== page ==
Objective: To determine the relationship between family child care home (FCCH) practices and characteristics, and objectively measured physical activity (PA) among children attending FCCHs.
Methods: FCCH practices and characteristics were assessed in 45 FCCHs in Oregon (USA) in 2010-2011 using the Nutrition and Physical Activity Self-Assessment for Child Care Instrument. Within the 45 FCCHs, 136 children between ages 2 and 5 years wore an accelerometer during child care attendance over a one-week period. Time spent in light, moderate, and vigorous PA per hour was calculated using intensity-related cut-points (Pate et al., 2006).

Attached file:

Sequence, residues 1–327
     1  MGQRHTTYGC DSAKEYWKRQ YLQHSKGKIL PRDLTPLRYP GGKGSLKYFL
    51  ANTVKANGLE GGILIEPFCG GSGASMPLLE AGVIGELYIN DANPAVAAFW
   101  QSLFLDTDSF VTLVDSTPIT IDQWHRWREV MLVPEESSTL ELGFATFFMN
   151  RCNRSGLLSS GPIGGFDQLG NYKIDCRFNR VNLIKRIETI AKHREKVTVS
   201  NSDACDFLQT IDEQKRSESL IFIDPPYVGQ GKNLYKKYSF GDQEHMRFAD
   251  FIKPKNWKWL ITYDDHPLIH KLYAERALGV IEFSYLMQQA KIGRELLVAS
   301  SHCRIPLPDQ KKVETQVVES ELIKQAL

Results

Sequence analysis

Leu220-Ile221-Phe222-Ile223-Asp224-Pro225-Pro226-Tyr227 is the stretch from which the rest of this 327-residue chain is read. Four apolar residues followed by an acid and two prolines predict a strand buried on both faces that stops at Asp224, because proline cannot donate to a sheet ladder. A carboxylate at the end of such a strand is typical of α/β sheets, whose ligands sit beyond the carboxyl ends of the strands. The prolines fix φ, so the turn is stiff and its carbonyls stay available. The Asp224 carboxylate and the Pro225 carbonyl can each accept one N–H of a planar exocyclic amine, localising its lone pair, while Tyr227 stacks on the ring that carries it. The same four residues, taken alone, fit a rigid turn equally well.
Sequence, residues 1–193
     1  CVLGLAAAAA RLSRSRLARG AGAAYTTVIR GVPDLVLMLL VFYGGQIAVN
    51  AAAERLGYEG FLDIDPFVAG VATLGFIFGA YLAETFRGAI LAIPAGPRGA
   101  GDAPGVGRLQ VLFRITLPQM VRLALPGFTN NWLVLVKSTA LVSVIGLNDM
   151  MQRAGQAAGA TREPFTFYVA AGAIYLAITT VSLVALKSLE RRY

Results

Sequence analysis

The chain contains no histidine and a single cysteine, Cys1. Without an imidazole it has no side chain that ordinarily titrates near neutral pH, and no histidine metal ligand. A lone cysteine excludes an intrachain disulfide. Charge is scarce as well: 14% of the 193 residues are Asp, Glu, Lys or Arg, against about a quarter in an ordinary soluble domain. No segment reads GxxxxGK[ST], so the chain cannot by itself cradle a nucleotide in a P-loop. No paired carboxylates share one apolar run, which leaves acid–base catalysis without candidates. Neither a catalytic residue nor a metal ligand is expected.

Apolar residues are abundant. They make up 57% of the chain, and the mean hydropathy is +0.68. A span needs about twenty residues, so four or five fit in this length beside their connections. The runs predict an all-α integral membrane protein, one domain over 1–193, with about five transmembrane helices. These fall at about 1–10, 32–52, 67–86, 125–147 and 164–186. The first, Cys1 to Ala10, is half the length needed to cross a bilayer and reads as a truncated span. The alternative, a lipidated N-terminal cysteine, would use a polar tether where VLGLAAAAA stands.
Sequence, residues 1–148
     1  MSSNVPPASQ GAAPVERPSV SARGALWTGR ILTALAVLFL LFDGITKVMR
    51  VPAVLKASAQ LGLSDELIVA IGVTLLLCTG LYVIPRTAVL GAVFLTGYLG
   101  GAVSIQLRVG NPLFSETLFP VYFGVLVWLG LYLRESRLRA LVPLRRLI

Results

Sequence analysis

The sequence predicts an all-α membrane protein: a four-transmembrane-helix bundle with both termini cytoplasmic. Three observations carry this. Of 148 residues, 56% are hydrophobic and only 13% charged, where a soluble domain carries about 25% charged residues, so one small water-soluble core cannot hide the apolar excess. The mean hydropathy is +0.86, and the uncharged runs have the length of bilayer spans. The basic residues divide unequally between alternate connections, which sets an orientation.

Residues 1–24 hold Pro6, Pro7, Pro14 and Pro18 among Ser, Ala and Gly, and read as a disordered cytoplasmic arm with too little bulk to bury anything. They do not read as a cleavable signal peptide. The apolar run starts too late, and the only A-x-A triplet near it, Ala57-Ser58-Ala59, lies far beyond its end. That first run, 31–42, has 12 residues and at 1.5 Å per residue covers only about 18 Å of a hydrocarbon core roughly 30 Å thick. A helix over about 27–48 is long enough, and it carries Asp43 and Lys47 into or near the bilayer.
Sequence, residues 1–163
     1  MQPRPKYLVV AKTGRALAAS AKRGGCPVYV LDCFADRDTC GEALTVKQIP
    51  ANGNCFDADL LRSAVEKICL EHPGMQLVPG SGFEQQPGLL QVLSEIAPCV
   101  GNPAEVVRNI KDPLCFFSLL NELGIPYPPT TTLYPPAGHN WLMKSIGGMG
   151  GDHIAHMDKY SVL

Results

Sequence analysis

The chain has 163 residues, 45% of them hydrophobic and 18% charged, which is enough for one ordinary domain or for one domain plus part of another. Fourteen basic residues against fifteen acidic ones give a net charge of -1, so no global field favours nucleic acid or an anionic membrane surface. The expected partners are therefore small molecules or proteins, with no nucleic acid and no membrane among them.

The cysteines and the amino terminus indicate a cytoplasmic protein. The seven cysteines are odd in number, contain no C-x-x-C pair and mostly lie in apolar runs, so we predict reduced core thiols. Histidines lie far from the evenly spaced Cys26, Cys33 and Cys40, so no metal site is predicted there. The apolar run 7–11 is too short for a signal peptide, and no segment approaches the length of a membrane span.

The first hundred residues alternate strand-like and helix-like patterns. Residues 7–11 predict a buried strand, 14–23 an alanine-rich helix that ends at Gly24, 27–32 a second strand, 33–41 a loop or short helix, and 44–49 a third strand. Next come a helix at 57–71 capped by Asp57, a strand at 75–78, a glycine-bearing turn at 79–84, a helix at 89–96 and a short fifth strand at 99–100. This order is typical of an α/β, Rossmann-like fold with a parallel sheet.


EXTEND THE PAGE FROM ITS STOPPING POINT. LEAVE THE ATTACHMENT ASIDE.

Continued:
Results: FCCH characteristics and practices associated with higher levels of PA (min/h; p<0.05) included provision of sufficient outdoor active play [32.2 (1.0) vs. 28.6 (1.3)], active play using portable play equipment [31.7 (1.0) vs. 29.3 (1.4)], the presence of a variety of fixed play equipment [32.2 (1.0) vs. 28.9 (1.3)], and suitable indoor play space [32.2 (1.0) vs. 28.6 (1.3)], engaging in active play with children [32.1 (1.1) vs. 29.6 (1.2)], and receiving activity-related training [33.1 (1.2) vs. 30.3 (1.1)].
Conclusions: This is the first study to identify practices and characteristics of FCCHs that influence children's PA. These data should be considered when developing programs and policies to promote PA in FCCHs.
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